Accessibility is the concept that everything we design is usable by everyone.
Although it is traditionally focused around those with disabilities, accessibility is strongly related to universal design practices. Making products and services fully available to those within a wider range of abilities, benefits many other user groups and allows design to function within the wide range of situations.
Melanie O'Donnell, who wrote an article for Ceros Inspire advises ‘When it comes to digital content, we designers, marketers, and content creators have an opportunity to foster true, demonstrable inclusivity’.
This idea, alongside the societal changes we’ve all experienced in 2020, should further encourage us to focus more on designing for diversity of experiences, needs and context in a more empathetic manner.
Additionally, business value is increased through inclusivity, as according to uxplanet.org ‘The global market of people with disabilities is over 1 billion people with a spending power of more than $6 trillion. Hence, ignoring this audience segment means losing at least ~20% of your potential users who can bring value to any business.’ This brand value could come in many ways, such as improving innovation to reach wider audiences or becoming more of a respected brand through inclusion.
We’re lucky that many traditional design practices we use ensure that our designs acknowledge all user groups, mainly those with visual, hearing, motor and cognitive disabilities. Ceros outline three simple things we should practice, which I also feel should apply across all marketing communications design –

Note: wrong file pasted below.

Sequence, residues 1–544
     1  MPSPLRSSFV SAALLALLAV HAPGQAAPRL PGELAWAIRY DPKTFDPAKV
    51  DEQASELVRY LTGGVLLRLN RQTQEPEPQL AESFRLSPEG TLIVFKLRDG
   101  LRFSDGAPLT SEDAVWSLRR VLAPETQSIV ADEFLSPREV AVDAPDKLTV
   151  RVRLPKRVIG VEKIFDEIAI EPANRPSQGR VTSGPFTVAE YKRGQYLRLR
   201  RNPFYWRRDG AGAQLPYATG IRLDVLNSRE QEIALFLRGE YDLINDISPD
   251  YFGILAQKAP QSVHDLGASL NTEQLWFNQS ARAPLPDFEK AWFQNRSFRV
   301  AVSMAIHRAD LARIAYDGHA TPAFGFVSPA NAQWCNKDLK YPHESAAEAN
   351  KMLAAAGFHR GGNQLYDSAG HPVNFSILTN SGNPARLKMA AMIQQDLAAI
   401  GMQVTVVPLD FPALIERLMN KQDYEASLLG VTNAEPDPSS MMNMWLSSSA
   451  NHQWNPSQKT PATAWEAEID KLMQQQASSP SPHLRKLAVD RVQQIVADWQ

- Strong hierarchy and better navigation
Visual cues help us understand content better. However, the visual hierarchy cannot be accessed by those using e-readers or other tablets, so it’s recommended that we use tagging and establish a clear reading order. Exploring different button uses, clearer page names and navigational menus can really improve user experience.
- Translating visual elements
We need to make sure that without access to visual elements, our audience can still access the most important information. It is very important to add alt tags and to translate interactive buttons and charts.
- Reducing motion in interactive experiences
Although very beneficial in making content more memorable, too much movement can be overwhelming for those with visual sensitivity. So we should give the user an option to reduce motion when viewing on screen.
We are always looking for ways to enhance brand experiences and accessibility is one way we can do this. By using tools such as Ceros and making sure that key design practices are at the forefront of our workflows, we can make sure we connect with our audiences in a more personal way. Let’s make sure we move away from this ‘one size fits all approach’ and encourage brand innovation.
The global market of people with disabilities is over 1 billion people with a spending power of more than $6 trillion. Hence, ignoring this audience segment means losing at least ~20% of your potential users who can bring value to any business.